Xi plays it cool on Biden UN sniping

Top News | AGENCIES 23 Sep 2021

Choosing calm language as tensions with the United States grow, Chinese leader Xi Jinping reiterated his nation's longtime policy of multilateralism, telling world leaders at the United Nations that disputes among countries need to be handled through dialogue and cooperation.

His remarks came hours after US President Joe Biden said he does not have any intention of starting a new Cold War - a response to criticism from the UN chief that both Washington and Beijing need to make sure their differences and tensions do not derail their 42-year-old relationship and cause problems for the rest of the planet.

"One country's success does not have to mean another country's failure," Xi said in a prerecorded speech to the UN general assembly's leaders' meeting in New York. "The world is big enough to accommodate common development and progress of all countries."

Biden did not utter the words "China" or "Beijing" but sprinkled implicit references to America's increasingly powerful competitor throughout his speech as the two nations butt heads in the Indo-Pacific and on trade and human rights.

The comments from leaders of the two main powers appeared to represent efforts to calm the waters after UN secretary-general Antonio Guterres admonished them for putting confrontation ahead of productive dialogue.

Xi did not let the United States off the hook entirely. In comments aimed at Washington, he criticized nations that fiddle around in the affairs of others.

"Recent developments in the global situation show once again that military intervention from the outside and so-called democratic transformation entail nothing but harm," he said, an apparent reference to events in Afghanistan last month after the US military withdrawal.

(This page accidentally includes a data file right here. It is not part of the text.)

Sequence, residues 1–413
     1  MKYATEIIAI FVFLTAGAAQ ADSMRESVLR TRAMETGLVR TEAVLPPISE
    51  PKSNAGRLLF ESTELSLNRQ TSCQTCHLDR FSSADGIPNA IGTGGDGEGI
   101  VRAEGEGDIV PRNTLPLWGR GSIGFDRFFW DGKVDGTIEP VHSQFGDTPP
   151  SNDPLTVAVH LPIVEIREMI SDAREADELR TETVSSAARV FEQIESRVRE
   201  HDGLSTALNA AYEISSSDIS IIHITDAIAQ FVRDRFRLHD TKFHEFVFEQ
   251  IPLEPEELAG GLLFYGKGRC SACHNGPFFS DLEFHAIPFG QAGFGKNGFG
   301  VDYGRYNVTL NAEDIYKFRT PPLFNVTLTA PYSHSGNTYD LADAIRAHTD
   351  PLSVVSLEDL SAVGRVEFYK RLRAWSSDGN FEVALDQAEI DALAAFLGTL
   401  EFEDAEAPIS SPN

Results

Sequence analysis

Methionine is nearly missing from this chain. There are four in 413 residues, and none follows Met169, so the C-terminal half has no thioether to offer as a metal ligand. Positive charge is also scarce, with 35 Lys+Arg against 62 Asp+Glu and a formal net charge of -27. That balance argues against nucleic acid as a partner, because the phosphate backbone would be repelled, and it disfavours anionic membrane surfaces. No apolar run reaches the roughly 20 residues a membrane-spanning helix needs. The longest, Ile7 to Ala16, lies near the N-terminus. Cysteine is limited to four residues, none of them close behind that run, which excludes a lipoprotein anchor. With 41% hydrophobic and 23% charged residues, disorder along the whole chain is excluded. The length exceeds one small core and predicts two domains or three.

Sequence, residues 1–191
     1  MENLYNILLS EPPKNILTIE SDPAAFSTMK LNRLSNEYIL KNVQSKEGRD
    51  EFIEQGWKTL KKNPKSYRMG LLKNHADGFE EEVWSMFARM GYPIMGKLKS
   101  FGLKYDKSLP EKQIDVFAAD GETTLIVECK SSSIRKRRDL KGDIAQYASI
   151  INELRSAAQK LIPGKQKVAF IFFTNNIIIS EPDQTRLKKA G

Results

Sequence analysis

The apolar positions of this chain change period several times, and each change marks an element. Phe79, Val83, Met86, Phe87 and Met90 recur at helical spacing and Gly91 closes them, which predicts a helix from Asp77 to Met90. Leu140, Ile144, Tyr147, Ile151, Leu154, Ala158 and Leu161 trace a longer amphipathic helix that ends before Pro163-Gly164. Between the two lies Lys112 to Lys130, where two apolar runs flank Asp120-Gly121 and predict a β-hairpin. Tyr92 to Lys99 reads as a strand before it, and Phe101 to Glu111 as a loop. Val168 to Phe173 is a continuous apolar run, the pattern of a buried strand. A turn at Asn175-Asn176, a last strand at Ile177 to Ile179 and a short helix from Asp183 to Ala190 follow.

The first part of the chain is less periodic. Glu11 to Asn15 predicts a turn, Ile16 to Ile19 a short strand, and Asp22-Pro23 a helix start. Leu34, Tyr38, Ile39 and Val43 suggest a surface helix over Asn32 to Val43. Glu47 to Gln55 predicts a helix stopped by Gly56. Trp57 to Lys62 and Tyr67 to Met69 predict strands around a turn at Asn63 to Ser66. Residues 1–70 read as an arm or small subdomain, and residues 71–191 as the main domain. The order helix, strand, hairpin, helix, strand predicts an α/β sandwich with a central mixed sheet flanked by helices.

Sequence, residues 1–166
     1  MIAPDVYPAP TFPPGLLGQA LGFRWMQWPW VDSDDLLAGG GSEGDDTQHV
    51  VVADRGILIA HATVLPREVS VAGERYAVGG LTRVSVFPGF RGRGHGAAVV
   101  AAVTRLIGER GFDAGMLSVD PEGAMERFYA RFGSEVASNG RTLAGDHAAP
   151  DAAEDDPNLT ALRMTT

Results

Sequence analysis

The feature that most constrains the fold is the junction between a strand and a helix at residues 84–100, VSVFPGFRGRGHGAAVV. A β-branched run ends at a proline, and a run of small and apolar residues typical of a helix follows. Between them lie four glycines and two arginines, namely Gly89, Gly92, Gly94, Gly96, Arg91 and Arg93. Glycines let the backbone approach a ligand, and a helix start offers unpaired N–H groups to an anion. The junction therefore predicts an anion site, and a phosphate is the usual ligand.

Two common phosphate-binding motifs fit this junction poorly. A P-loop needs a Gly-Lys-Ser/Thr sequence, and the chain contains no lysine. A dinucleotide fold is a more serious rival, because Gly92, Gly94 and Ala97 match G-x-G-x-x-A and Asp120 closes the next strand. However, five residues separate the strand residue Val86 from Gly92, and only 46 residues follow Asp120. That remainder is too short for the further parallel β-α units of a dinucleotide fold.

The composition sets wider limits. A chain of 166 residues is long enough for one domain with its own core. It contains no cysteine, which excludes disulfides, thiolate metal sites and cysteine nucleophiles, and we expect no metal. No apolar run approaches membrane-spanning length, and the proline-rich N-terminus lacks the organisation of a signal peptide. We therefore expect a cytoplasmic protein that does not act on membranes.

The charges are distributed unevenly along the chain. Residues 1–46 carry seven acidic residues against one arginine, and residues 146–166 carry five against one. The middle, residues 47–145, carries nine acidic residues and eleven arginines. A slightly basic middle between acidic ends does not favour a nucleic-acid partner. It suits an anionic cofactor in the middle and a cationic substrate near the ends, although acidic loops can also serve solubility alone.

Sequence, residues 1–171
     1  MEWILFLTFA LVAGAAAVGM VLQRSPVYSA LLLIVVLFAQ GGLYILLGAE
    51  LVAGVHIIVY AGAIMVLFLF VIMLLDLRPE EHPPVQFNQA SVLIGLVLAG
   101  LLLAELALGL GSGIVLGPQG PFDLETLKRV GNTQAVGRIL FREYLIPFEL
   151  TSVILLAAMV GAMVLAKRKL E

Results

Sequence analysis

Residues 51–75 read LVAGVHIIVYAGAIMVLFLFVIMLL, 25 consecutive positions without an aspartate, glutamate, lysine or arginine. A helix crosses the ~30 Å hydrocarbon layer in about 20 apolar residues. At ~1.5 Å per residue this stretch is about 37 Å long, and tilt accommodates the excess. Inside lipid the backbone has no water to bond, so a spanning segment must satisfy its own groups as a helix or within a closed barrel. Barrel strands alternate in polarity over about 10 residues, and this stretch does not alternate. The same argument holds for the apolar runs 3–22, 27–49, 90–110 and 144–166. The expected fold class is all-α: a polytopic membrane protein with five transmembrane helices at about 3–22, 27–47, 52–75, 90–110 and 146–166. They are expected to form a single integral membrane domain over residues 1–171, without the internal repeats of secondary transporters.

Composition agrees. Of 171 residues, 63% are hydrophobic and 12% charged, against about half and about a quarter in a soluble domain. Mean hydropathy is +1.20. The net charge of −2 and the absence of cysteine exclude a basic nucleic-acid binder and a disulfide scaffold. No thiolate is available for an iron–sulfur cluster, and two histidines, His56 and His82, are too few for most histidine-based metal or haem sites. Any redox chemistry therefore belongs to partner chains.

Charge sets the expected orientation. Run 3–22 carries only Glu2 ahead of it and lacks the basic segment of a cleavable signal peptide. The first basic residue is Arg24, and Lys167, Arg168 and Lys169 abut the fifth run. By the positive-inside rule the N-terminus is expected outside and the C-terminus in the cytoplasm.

Earlier, Biden said in his UN address that the United States was not attempting to be divisive or confrontational.

"We are not seeking a new Cold War or a world divided into rigid blocs,'' he said. "The United States is ready to work with any nation that steps up and pursues peaceful resolution to shared challenges even if we have intense disagreements in other areas.''

China has also been strongly critical of American calls for a renewed investigation into the origins of Covid-19, which first spread in Wuhan in late 2019.

On climate, China has tied its cooperation on reducing carbon emissions to the United States dropping critical policies linked to the mass detention of Uygurs of Xinjiang, a crackdown on civil rights in Hong Kong and other human rights issues.

Xi and Biden both made major new pledges on climate change, raising guarded hope that the world's two largest emitters and polluters can bring progress. Xi said China would stop funding overseas coal projects, ending the last significant source of aid for the dirty energy.

This came after Biden promised to double US climate aid to hardest-hit nations to an estimated US$11.4 billion (HK$88.92 billion) a year.

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